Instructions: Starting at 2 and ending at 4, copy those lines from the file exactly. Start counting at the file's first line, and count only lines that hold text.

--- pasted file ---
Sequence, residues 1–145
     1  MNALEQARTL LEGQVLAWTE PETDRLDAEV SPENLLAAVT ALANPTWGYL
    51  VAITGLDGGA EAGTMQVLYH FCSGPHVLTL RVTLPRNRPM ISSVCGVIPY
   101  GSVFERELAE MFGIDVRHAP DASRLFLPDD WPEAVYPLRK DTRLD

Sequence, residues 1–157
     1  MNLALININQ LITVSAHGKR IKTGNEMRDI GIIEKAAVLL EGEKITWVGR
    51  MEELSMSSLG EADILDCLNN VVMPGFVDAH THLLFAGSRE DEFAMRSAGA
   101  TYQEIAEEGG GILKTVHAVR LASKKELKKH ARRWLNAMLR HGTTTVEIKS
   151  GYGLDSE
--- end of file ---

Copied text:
     1  MNALEQARTL LEGQVLAWTE PETDRLDAEV SPENLLAAVT ALANPTWGYL
    51  VAITGLDGGA EAGTMQVLYH FCSGPHVLTL RVTLPRNRPM ISSVCGVIPY
   101  GSVFERELAE MFGIDVRHAP DASRLFLPDD WPEAVYPLRK DTRLD